When it comes to shallow journalism, The Age is always an exemplary model, because it never fails when you need it to demonstrate this thesis. Today’s headline President wins outright in Portugal just stated, that the incumbent A.C.S. “grabbed more than the 50 per cent of the vote needed to win outright”. The Socialist M.A came second with 19.75 per cent.
Was that it? Another triumph of republican democracy? You could think so if you just read The Age.
The Portuguese media tell a complete different story. In reality the Portuguese Monarchists were jubilant, because they had called for a boycott of the presidential elections, which proved to be successful. Only 46.62 per cent of those entitled to vote bothered to go to the polls: 5,139,583 out of 9,631,222 registered voters stayed away from the polling booths. Among the 4,490,147 voters, 4.26 per cent or 191,170 cast a blank vote another 86,545 or 1.93 per cent cast an invalid vote. In the end, a mere 40.4 per cent wanted to have a say in who should be Portugal's president - 59.6 per cent could not care about the republic's highest representative.
So, let’s examine The Age’s news item: Mr C.S. won outright? He received 2,230,240 votes, which represent only 23.16 per cent of the electorate. Compared with the last presidential election in 2006 Mr C. S. lost 526,372 vote. His main rival, the Socialist M.A. did not fare much better: He lost 294,591 votes (down from 1,126,612 to 832,021) compared to 2006.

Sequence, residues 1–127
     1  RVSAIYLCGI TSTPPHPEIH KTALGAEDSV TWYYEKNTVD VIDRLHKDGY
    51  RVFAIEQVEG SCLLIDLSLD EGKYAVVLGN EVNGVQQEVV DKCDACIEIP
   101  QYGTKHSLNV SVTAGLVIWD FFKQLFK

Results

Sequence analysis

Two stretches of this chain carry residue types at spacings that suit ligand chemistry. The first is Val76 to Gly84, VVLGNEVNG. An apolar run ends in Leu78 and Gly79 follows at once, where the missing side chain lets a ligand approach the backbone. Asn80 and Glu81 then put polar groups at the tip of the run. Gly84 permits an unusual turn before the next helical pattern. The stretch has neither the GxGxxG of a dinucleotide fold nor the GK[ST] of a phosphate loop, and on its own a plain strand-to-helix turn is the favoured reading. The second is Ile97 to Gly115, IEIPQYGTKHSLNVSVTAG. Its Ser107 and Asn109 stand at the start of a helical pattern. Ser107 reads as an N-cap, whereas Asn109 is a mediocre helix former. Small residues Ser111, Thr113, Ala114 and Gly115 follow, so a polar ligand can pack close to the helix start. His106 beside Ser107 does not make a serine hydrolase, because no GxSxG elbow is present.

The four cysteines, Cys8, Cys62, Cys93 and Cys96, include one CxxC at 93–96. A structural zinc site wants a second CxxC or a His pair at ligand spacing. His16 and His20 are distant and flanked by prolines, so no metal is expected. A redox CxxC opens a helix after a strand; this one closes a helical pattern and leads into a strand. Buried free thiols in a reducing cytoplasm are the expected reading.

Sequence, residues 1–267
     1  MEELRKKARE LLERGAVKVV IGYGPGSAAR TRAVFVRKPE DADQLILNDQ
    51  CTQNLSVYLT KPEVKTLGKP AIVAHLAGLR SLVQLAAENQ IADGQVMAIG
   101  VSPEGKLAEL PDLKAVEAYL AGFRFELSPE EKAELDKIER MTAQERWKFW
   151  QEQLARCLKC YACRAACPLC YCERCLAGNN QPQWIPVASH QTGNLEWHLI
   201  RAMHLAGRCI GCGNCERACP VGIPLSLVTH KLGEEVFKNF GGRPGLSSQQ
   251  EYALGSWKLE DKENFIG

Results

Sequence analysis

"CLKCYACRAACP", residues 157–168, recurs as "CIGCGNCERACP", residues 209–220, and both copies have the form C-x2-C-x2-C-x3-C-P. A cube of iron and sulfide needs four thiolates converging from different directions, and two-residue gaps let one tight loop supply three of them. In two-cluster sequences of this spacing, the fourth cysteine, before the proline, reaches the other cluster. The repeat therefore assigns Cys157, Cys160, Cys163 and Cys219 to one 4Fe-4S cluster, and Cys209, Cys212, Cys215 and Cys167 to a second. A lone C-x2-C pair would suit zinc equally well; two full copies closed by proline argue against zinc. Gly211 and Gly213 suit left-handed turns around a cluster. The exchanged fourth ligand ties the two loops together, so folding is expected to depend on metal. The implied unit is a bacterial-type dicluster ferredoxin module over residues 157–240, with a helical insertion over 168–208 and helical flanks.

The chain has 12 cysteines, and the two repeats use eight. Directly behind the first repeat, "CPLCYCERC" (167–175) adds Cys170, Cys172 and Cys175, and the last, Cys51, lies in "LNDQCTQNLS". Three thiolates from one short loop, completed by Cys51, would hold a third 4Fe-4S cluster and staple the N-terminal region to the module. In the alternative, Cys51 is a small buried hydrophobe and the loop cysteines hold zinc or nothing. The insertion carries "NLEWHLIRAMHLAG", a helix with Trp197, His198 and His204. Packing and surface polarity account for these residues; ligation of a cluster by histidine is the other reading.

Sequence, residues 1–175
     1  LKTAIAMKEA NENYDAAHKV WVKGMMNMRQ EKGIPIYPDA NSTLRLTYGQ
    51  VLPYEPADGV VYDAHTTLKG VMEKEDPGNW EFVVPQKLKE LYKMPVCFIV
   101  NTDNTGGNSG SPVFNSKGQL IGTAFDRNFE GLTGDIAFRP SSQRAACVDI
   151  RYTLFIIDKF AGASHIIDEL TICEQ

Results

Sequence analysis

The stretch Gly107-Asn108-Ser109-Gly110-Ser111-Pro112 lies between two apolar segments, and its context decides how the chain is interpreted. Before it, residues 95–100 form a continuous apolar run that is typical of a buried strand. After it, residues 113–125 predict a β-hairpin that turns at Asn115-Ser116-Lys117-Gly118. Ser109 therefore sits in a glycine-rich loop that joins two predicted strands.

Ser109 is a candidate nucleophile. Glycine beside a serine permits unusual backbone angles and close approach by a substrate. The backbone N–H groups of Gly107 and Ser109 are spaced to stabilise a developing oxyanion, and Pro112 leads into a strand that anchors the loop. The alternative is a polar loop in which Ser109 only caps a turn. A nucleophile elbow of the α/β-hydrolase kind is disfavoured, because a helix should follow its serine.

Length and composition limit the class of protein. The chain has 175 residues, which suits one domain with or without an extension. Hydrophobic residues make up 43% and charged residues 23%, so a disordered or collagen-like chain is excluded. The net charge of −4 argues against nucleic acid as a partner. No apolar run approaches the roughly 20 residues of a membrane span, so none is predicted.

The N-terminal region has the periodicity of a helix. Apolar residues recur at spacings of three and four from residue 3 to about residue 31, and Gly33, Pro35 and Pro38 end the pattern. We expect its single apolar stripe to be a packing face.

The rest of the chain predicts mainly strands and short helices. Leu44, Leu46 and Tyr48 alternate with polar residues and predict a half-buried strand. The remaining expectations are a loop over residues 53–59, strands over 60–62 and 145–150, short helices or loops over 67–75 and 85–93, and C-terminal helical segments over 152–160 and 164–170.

Portuguese Monarchists were delighted about the result of this presidential election: “Portuguese say NO to the republic" (PORTUGUESES DIZEM NÃO À REPÚBLICA) was one of the headlines.
Before the elections, the Portuguese had been called to “de-republic” Portugal (NESTE DOMINGO VAMOS DESREPUBLICANIZAR PORTUGAL) and Monarchists were shown how to vote invalid by writing in “I want a King!
So, what The Age loved to call an outright win may be the beginning of the long end of the Portuguese republic. Long live the King! Viva o Rei! Viva Portugal Real!
Fonte: Radical Royalist